Malaria is a leading cause of mortality in the Democratic Republic of the Congo (DRC). Establishing an effective malaria control programme is a chief occupational and public health concern for any organisation wishing to operate in the country.
A mining company <name to be signed off> during the construction phase for a remote site in the DRC’s Katanga Province, contacted International SOS for our malaria expertise and advice. The company was responsible for 9,000+ employees and contractors.
Nearly 70% of the onsite workforce were Congolese nationals - many of whom had moved to the site with their families, greatly increasing the local population around the site. The remaining workers were expatriates from India, Pakistan, Bangladesh, and the Philippines. The vast majority of these Asian expatriates had little or no acquired immunity to malaria and knew little about its prevention.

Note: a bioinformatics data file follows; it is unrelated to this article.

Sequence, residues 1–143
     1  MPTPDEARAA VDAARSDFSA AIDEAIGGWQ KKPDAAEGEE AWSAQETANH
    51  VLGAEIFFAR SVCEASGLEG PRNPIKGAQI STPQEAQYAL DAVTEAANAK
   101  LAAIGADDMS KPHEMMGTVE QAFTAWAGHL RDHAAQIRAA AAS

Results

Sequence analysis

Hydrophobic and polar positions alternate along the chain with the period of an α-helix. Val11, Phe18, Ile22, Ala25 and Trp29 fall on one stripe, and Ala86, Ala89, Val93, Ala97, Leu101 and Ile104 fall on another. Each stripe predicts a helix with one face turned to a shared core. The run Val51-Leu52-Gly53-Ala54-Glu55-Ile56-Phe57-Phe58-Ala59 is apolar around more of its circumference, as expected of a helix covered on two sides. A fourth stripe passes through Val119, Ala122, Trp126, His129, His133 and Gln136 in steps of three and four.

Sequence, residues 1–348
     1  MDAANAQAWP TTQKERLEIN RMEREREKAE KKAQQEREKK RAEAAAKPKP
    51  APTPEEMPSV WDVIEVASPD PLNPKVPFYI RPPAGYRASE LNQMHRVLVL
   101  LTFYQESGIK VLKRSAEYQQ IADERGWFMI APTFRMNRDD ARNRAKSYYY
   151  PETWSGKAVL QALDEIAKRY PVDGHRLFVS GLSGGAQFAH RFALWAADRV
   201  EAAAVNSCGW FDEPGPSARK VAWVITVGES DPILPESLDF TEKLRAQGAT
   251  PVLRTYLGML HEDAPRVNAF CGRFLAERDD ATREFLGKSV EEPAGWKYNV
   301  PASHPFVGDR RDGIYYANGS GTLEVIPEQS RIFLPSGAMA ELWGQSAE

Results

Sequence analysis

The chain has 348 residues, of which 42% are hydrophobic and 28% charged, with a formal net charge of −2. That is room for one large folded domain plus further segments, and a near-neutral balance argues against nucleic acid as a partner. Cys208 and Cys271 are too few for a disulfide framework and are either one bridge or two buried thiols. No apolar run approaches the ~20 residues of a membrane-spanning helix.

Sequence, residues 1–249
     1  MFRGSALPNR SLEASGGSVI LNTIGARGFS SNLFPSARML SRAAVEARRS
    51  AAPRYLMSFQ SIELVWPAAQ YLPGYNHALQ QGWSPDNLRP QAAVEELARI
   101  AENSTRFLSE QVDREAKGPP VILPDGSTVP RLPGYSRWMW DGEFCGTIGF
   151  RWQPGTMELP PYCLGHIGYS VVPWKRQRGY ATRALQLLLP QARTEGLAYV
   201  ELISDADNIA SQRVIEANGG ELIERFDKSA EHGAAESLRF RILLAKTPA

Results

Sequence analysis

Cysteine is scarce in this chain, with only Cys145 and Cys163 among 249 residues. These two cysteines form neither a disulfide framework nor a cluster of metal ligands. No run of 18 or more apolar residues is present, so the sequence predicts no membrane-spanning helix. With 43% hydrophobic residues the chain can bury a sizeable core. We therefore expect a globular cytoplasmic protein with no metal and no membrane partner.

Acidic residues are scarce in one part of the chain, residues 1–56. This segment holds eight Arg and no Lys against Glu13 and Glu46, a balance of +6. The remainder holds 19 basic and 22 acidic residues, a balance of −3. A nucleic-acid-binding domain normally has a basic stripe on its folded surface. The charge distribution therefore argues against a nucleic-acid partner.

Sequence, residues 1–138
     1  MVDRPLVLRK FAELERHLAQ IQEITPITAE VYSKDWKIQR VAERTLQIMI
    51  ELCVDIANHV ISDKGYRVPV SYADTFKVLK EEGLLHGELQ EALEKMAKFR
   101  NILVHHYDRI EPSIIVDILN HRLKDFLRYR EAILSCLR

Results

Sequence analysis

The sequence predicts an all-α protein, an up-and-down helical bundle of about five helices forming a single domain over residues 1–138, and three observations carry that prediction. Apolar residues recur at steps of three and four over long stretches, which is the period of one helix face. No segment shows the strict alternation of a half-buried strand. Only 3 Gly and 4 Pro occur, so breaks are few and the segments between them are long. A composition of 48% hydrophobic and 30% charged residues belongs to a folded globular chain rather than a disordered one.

- For the onsite employees, we conducted indoor residual insecticide spraying, supplied long-lasting insecticide-treated bednets (LLIN), provided anti-malaria chemoprophylaxis, and delivered ongoing awareness and education programmes.
- At the International SOS onsite clinic, prompt and accurate malaria diagnosis and treatment were made available to all workers and their families.
For the community, we provided each family with one or more LLIN, trained local heath staff on early malaria identification, and ran awareness and prevention programmes for different community groups.
In the two-years that the malaria programme was implemented, malaria was reduced by 60% in the communities compared to the 2007 baseline infection rate. We saw similar dramatic reduction in malaria risk in both the national and expatriate workforce during the same period.
This initiative demonstrated the importance of having prevention programmes both on-site and for the local community.